When my social media consultant advised that I use my blog to broadcast some of my favorite paint colors, I hemmed and hawed a bit. These go-to hues aren't "secrets" of mine per se, but they have certainly played significant roles in many of my houses here in Nashville. In the end I decided to spill the beans. Help yourself!
I love dark colors, but mostly it's contrast that I love--and how powerfully paint colors can establish a vibe. There are no certain rooms that are better dark, although I do tend to pick the following colors more for dining rooms, master bedrooms, and powder rooms. (I dig a dark powder room!) I typically use a dark color for one of two reasons--to control light, as in a bedroom, where a dark color can really affect mood and inspire sleep, and to create contrast. Especially because my houses have open floor plans, I like to use dark paint to break up the space. For instance, I’m remembering a house we did where the living space was all gray; through a slit you could see the foyer, which ran the length of the house. We painted the foyer black so it read as an accent wall from the main living area. What made it even better: The 11 tiny pin spot lights we scattered randomly across the ceiling to create a twinkling starlight effect. With the dark paint it was nothing short of magical. Another thing to note is that in spite of popular opinion, dark colors don't necessarily make a room look smaller. To the contrary, they recede and give a space mass.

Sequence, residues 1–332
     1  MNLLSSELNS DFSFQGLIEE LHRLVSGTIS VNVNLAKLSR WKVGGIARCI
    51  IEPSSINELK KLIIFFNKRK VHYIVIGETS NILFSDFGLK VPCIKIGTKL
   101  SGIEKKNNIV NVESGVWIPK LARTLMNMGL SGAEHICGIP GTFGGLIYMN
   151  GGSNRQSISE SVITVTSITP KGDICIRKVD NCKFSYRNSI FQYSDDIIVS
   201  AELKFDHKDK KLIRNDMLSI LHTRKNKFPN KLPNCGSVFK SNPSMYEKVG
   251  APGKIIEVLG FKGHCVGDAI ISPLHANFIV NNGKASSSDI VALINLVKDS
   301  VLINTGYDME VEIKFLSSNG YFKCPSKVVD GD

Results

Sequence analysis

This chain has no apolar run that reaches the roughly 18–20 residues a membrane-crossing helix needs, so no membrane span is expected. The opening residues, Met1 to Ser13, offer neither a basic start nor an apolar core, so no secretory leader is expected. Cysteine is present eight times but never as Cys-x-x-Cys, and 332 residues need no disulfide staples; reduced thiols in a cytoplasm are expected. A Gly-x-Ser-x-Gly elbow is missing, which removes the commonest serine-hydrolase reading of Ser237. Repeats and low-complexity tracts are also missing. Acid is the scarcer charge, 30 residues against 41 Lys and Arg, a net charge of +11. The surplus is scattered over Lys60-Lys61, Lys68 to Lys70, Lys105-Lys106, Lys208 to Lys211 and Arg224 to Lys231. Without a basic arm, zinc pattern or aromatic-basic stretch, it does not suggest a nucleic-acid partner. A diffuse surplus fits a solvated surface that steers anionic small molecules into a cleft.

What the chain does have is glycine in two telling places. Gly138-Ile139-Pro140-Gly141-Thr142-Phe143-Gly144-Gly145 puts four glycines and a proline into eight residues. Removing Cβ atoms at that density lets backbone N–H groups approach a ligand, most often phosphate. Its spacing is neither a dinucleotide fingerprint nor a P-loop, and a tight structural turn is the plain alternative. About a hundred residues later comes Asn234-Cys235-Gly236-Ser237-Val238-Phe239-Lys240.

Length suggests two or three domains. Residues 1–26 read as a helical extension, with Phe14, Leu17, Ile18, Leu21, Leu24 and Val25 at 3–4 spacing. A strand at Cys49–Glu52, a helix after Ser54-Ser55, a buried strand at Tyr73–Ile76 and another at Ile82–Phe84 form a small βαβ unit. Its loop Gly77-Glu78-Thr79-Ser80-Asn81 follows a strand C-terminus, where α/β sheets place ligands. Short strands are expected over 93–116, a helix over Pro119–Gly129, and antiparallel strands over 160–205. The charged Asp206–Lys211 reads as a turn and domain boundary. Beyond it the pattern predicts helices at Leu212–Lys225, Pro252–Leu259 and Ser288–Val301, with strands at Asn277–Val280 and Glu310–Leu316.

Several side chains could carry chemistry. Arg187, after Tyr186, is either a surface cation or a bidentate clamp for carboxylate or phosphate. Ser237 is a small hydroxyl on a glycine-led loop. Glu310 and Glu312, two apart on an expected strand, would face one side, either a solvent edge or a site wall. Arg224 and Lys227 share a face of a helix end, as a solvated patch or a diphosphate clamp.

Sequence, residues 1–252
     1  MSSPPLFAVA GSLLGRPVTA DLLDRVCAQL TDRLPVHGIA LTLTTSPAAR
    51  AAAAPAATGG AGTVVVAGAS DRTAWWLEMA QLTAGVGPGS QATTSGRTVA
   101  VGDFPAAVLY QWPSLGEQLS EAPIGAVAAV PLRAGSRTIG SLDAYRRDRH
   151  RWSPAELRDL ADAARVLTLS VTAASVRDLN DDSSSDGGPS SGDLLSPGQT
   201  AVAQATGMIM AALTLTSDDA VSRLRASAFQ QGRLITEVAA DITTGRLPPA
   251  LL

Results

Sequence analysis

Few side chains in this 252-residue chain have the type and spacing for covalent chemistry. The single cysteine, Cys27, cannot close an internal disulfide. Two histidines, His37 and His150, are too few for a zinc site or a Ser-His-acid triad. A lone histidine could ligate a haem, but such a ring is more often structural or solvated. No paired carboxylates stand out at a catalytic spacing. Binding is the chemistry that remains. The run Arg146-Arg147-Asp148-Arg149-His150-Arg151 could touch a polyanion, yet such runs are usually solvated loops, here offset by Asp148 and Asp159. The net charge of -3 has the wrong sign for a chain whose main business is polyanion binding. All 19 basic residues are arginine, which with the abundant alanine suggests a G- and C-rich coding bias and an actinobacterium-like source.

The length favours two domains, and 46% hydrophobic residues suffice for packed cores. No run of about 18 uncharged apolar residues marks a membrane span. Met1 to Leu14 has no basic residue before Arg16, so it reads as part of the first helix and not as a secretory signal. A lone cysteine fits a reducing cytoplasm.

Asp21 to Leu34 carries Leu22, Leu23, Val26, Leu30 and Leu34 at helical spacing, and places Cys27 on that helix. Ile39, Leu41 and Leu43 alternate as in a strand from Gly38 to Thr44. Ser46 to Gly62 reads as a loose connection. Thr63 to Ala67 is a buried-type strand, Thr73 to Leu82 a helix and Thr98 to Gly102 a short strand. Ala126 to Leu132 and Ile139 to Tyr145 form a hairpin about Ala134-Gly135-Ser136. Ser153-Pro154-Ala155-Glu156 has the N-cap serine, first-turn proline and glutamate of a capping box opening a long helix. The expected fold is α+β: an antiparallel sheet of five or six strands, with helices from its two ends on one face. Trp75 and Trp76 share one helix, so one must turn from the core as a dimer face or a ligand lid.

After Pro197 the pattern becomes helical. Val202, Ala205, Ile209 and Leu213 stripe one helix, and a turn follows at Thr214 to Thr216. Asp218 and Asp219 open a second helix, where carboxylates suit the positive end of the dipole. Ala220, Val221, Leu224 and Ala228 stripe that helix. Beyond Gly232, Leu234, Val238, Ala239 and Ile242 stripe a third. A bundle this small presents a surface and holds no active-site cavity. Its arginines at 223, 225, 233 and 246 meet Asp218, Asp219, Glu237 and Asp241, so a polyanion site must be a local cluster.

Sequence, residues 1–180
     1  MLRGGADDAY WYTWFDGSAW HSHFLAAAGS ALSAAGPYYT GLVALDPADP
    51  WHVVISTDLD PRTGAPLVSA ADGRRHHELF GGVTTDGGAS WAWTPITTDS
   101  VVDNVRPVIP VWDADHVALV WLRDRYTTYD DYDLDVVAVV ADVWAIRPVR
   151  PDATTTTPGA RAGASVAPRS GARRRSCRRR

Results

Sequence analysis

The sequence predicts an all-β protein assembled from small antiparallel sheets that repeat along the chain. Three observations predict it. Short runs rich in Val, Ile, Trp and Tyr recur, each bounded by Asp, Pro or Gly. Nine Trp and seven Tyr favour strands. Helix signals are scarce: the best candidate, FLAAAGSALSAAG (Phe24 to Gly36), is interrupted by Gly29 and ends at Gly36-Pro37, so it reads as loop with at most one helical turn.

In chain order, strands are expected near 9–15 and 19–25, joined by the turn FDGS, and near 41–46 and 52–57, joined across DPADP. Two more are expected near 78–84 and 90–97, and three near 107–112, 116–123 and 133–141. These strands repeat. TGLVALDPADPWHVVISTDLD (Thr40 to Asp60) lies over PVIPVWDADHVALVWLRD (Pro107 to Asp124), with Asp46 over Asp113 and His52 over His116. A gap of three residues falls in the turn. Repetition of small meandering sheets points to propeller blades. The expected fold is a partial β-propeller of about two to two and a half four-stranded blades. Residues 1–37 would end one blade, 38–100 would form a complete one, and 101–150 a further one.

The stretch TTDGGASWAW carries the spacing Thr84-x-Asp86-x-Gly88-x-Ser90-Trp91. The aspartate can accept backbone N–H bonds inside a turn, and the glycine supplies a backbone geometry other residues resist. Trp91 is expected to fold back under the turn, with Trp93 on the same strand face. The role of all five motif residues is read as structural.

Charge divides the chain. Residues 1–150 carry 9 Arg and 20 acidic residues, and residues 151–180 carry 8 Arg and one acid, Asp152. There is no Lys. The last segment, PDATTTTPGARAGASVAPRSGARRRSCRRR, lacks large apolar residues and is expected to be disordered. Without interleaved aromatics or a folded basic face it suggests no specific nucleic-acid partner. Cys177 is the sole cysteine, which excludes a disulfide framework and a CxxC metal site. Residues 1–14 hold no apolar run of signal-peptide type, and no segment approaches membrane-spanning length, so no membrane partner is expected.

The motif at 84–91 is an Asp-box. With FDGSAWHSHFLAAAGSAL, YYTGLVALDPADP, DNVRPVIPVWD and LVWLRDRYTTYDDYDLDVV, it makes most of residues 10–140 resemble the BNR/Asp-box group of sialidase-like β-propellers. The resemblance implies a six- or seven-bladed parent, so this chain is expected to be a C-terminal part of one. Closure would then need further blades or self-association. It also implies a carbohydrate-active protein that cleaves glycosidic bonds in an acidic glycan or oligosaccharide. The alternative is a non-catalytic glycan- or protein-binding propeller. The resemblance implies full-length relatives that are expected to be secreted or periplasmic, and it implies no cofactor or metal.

I'm not married to any one manufacturer, but I do find that I primarily use Sherwin Williams paints. I think perhaps what each of these colors has in common is that they impart that matte "chalkboard" affect--kind of primitive and sophisticated rolled into one. I've used the six shades below for interiors and exteriors, on cabinetry and on accent walls, essentially everywhere.
one. Sherwin Williams Sealskin (SW 7675). Among other places, I used this beautiful color in our D. Luxe Home office at Marathon Village, but not without plenty of consideration first. We had maybe seven or eight big blocks of color on the walls before we settled on this one. In the end, we went with Sealskin because I wanted it to read as a heavy contrast against our retail space, which we did in Restoration Hardware's Buttermilk.
two. Sherwin Williams Black Fox (SW 7020). This is an amazing color inside or out. I've used this on the exterior of a home that had a lot of cedar shake on it, and the result was phenomenal.
three. Restoration Hardware Flint. Because ... Restoration Hardware can really do no wrong. This stunning shade is my favorite of their dark paints.
four. Benjamin Moore Wrought Iron (BM 2124-10). I can't tell you how many times I've used Wrought Iron over the years. In fact, that foyer I mentioned in the intro above--I'm pretty sure it was done in Wrought Iron.
five. Benjamin Moore Kendall Charcoal (BM HC-166). The shade is a favorite because it reads as a gray or a brown or a green, depending on what you put it with. I like the fact that it’s really super dark but isn’t black.
six. Benjamin Moore Jet Black (BM 2120-10). In spite of its name, this color has a lot of dimension and reads like a super dark charcoal black with a matte edge to it.
Have you used any of these colors in your home or do you plan to? I want to hear about it!
Dee Bynum has his finger on the pulse. Whether it’s following trends, scouting emerging neighborhoods and infill opportunities, or overseeing the development of a design, Dee’s dedication to—or obsession with—his projects is renowned.